Weeds

Wild Radish (Raphanus raphanistrum)

Family: Brassicaceae
Form: Herb
Origin: Native to Mediterranean region
Flowers/Seedhead: In branched racemes. Flowers from late winter to summer.

Wild Radish is becoming one of the most difficult weeds to control in our area, with land further North showing signs of resistance to chemical control of the plant. Wild Radish is in the Brassicaceae (mustard) family and there are many related family members including wild turnip, shepherds purse, turnip weed to name a few.

Wild Radish is a schedule 4 – Class 4 Noxious weed. It can cause significant crop yield losses as it establishes quickly, is vigorous and is a fast growing plant. Wild radish that emerges with the crop can cause more than 90% yield loss whereas populations that emerge more than 7 weeks later cause less than 20% yield loss (Blackshaw 2001).

The plant is easily spread by animals, wind and water but mostly through agricultural products containing the weed.

Control of wild radish has been through the use of Herbicides as the most fast and effective way to control plant populations. However this has led to herbicide resistance in the plants due to their overuse. Control of the plants now depends on a combined integrated weed management approach incorporating a range of chemical, cultural and biological weed control techniques and a proactive approach to weed management.

For further information:
Wild Radish Information on the plant, control and effect on annual crops - click here
Weed Identification of Wild Radish - click here
Maximising chemical control of resistant wild radish, Landmark - click here
Breaking the Wild Radish bank, GRDC - click here

Photos courtesy of Department of Agriculture and Food WA, CSIRO and flickr.com


 

 

Bridal Creeper (Asparagus asparagoides)

History
Bridal Creeper was originally imported from South Africa and spread quickly throughout the southern regions of Australia as a tough and hardy plant, greening up the autumn garden. As the common name suggests, its pretty white flowers and heart shaped leaves were also often used for bridal bouquets, garlands and decorating.

Impact
Regarded as one of the worst weeds in Australia, Bridal Creeper has the ability to have an imense impact on the economic and environmental stability of our area if not properly controlled. Its climbing stems, and underground tubers give it the ability to choke out our native flora, rapidly reducing the natural habitat of our local fauna. Bridal creeper thrives right throughout the agricultural regions due to high soil nutrient levels. And the plants tolerance to frost and dry conditions makes it extremely difficult to control once established.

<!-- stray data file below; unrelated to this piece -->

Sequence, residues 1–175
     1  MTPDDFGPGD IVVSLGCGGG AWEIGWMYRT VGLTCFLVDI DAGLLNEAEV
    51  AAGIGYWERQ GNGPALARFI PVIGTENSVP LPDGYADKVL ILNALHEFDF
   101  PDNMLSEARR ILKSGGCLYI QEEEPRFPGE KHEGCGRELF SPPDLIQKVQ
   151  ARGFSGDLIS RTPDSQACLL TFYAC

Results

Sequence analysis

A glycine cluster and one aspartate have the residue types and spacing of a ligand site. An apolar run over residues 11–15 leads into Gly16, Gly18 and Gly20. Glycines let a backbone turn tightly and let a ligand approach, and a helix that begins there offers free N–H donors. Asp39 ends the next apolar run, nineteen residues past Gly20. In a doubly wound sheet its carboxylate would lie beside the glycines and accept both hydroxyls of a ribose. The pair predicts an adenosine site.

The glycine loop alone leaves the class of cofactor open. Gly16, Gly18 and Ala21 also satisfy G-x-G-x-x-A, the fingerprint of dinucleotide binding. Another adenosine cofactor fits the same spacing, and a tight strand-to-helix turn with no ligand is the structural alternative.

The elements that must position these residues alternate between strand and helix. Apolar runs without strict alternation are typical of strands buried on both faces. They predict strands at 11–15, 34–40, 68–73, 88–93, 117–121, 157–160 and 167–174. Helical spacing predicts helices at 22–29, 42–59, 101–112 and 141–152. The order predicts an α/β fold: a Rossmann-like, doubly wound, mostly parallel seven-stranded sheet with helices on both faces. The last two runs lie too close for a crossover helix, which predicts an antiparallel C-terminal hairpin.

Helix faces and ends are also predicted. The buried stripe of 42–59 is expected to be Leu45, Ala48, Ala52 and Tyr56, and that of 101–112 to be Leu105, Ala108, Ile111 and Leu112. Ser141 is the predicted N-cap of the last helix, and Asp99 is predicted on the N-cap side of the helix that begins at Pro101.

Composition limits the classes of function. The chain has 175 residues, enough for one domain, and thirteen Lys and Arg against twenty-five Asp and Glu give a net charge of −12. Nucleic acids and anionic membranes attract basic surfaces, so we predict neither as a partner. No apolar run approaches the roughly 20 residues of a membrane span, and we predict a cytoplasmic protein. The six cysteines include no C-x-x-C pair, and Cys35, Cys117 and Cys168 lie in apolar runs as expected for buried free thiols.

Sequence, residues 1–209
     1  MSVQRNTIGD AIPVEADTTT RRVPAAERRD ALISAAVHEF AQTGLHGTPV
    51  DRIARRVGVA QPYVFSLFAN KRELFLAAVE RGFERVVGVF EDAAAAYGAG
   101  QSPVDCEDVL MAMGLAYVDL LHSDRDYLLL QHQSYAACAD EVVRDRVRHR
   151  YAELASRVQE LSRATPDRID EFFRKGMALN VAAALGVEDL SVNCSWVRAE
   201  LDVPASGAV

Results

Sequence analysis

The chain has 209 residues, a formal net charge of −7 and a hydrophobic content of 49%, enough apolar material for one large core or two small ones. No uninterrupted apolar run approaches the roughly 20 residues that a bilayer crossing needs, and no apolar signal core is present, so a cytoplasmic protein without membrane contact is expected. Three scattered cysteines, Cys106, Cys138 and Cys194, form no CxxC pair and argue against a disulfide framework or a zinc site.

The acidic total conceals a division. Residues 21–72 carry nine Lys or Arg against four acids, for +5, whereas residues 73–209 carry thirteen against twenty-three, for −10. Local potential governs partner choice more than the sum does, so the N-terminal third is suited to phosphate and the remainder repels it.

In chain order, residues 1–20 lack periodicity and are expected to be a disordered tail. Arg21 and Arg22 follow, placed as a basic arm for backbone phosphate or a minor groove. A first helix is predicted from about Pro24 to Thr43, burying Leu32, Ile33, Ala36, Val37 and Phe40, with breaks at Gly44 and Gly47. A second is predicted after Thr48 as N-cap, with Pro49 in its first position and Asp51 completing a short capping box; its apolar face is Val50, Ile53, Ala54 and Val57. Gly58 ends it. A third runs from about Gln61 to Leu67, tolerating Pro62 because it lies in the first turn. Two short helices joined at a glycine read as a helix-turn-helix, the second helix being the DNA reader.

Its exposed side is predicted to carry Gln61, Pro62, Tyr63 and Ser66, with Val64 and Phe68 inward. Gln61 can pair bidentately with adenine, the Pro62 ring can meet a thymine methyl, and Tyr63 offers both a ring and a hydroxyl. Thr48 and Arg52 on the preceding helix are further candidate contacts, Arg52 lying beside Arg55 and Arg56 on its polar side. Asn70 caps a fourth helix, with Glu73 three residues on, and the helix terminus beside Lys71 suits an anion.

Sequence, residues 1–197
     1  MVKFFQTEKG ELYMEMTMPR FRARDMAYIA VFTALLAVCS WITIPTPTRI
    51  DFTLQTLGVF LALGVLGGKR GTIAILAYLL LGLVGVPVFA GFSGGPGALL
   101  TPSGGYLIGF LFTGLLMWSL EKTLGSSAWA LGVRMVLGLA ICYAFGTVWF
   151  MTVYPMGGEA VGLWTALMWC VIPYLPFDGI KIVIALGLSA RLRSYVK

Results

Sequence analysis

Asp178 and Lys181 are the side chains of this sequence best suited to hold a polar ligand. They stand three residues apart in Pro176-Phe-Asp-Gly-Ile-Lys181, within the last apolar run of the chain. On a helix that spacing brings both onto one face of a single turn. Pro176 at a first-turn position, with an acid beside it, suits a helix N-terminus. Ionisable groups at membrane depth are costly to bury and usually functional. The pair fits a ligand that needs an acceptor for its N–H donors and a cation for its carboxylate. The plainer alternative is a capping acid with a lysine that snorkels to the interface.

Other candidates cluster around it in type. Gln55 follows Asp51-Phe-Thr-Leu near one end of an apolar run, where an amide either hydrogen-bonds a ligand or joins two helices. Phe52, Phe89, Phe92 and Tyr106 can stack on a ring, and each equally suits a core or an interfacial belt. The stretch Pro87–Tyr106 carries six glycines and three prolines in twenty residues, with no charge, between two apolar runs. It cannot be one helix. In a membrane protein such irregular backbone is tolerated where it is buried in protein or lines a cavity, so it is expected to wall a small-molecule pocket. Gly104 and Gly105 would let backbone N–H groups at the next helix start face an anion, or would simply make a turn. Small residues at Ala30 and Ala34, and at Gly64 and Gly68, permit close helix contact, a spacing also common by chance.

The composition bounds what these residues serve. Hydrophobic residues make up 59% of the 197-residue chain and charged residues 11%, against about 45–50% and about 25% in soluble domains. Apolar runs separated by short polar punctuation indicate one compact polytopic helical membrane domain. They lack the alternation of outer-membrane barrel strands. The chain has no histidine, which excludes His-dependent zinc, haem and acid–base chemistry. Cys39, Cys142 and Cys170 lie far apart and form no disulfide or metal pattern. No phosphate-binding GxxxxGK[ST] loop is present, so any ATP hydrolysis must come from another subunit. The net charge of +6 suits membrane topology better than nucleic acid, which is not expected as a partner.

Distribution
Two dispersal methods give Bridal Creeper the ability to spread quickly and effectively, with an excellent chance of survival. Bridal Creeper is dispersed in the environment by the following means;

  • Berries - One bridal creeper can produce more than 1000 berries per square metre. Birds, rabbits and foxes feed on the berries and later excrete the seeds allowing them to be spread over vast distances.
  • Tubers - The root system is made up of tubers\rhizomes, meaning removal of the plant is not effective unless all the tubers\rhizomes are removed. This ensures the spread of the plant via roadside grading or removal without proper disposal extremely common.

Treatment
The most effective treatment for Bridal Creeper removal is to use herbicide spraying. However in areas with native flora this is not always the best method. Introducing biological controls such as Bridal Creeper Rust Fungus, Bridal Creeper Leaf Hopper and Bridal Creeper Beetle, help to slow the growth of the plant on the surface of the soil thereby reducing the production of berries and slowing the production of tubers under the soil.

This is however a slow process that takes several years to achieve results. Physical removal can be effective for extremely small areas but as you must ensure every single rhizome is removed, this can prove extremely difficult. In addition plants and tubers that have been physically removed should not be mulched or composted, but wrapped in plastic bags and placed in your kerbside rubbish bin or through your local tip.

Fire can also be effective in large infestations but requires permission from your local government authority to do so.